The outgoing leadership of the House’s top antitrust panel is regrouping and making a new push to battle Big Tech amid lingering questions over their successors’ plans.
Reps. David Cicilline, Rhode Island Democrat, and Ken Buck, Colorado Republican, said Thursday they are forming a new Congressional Antitrust Caucus to ensure that their efforts to crack down on Big Tech survive.
Mr. Cicilline lost his position atop the House Judiciary Committee’s antitrust panel when Republicans took control of the House, and Mr. Buck was passed over for the top spot this year in favor of Rep. Thomas Massie, Kentucky Republican. Mr. Buck previously served as the panel’s top-ranking Republican.
“We know how to fix this, and are committed to seeing this work through,” Mr. Cicilline said in a statement.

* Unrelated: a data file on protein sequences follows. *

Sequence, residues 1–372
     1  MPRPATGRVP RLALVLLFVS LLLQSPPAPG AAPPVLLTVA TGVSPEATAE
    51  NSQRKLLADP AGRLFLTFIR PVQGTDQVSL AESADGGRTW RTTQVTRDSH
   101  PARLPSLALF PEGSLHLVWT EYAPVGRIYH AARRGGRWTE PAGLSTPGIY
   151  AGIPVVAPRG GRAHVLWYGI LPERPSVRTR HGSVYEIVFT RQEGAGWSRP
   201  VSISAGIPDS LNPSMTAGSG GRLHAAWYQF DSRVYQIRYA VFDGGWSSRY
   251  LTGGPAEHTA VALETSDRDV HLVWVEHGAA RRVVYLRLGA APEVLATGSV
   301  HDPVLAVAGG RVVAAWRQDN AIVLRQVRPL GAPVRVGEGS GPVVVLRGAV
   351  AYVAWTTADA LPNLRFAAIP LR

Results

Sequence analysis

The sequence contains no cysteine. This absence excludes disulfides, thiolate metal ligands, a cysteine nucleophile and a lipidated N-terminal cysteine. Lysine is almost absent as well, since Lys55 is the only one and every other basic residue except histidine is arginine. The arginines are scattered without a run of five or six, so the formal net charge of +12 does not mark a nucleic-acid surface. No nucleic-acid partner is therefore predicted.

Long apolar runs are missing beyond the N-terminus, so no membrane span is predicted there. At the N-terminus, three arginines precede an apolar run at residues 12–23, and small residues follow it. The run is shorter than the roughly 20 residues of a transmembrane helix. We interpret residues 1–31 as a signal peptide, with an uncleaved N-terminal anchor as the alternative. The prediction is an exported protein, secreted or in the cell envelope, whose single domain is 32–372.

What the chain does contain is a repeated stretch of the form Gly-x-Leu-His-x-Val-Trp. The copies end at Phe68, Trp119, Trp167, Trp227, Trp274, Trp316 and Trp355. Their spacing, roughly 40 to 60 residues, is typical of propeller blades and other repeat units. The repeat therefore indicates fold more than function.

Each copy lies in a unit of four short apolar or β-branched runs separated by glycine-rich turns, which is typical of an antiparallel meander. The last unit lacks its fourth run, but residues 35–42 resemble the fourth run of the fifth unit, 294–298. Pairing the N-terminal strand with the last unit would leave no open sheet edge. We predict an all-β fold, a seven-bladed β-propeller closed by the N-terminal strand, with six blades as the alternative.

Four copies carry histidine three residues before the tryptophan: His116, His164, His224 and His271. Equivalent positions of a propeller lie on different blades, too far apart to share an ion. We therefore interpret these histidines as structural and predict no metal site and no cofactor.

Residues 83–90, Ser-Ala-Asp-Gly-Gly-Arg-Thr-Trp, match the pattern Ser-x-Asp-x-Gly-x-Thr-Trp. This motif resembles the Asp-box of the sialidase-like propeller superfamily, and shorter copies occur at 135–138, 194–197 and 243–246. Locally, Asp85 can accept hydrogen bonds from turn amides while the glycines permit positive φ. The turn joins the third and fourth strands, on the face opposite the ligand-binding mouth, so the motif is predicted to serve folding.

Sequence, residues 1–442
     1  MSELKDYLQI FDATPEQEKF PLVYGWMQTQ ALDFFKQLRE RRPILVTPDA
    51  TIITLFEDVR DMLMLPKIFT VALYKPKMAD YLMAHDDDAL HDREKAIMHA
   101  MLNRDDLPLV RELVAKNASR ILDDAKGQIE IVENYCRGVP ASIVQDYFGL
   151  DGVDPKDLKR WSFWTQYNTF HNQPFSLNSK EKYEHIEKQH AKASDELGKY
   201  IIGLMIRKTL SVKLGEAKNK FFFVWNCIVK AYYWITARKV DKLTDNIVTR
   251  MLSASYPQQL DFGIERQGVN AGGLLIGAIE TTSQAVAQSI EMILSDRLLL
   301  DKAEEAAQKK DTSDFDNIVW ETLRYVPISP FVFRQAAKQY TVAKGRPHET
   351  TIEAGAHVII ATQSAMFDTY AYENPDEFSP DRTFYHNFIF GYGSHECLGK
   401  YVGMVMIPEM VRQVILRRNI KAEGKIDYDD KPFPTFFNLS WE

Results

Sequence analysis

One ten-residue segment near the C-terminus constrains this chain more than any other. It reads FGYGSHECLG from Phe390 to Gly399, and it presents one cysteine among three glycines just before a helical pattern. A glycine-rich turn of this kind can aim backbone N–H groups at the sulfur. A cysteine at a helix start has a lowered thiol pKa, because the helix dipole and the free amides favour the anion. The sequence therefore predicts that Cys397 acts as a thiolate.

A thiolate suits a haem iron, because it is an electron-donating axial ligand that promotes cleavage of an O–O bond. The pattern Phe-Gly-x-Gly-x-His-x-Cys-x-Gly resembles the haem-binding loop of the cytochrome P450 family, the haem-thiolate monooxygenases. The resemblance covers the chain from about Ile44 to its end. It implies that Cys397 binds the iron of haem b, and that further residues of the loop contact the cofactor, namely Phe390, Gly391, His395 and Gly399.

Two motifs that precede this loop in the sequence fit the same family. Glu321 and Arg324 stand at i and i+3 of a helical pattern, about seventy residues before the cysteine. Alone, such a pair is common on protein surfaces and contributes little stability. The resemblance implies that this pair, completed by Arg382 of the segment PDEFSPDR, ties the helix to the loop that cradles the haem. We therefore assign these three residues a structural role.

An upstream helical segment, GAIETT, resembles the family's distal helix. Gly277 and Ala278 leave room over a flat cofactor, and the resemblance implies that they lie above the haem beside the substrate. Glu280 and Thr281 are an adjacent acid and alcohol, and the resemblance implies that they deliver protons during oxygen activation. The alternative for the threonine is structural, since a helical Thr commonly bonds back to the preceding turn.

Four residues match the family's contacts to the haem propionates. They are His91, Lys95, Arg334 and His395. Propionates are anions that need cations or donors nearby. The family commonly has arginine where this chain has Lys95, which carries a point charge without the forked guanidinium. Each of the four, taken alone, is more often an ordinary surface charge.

Mr. Cicilline led the antitrust subcommittee of the House Judiciary Committee’s investigation into Amazon, Apple, Facebook, and Google that produced a 450-page report in October 2020. It called for an overhaul of antitrust law affecting Big Tech companies.
Mr. Buck subsequently worked with Mr. Cicilline on a series of antitrust proposals aiming to crack down on Big Tech.
The Colorado Republican said the new caucus will guarantee that lawmakers pushing for an antitrust crackdown on Big Tech will have an avenue to help make it happen.
“By creating this caucus, we are showing the American people that we are in Washington to deliver results and that both sides of the aisle can come together to fight against these dangerous monopolistic corporations,” Mr. Buck said in a statement.
The plans of the new leader of the antitrust panel are not fully clear. Mr. Massie has a reputation as an avid free-market defender, and his selection was cheered by advocates of free enterprise.
Some conservatives who favor government intervention to diminish Big Tech’s dominance have criticized Mr. Massie’s elevation, including from the Internet Accountability Project.
Mr. Buck and Mr. Cicilline plan to continue pushing for new antitrust laws cracking down on Big Tech. They intend to hold hearings about Big Tech’s work and want to serve as a “brain trust” for lawmakers who share their vision for overhauling antitrust policy.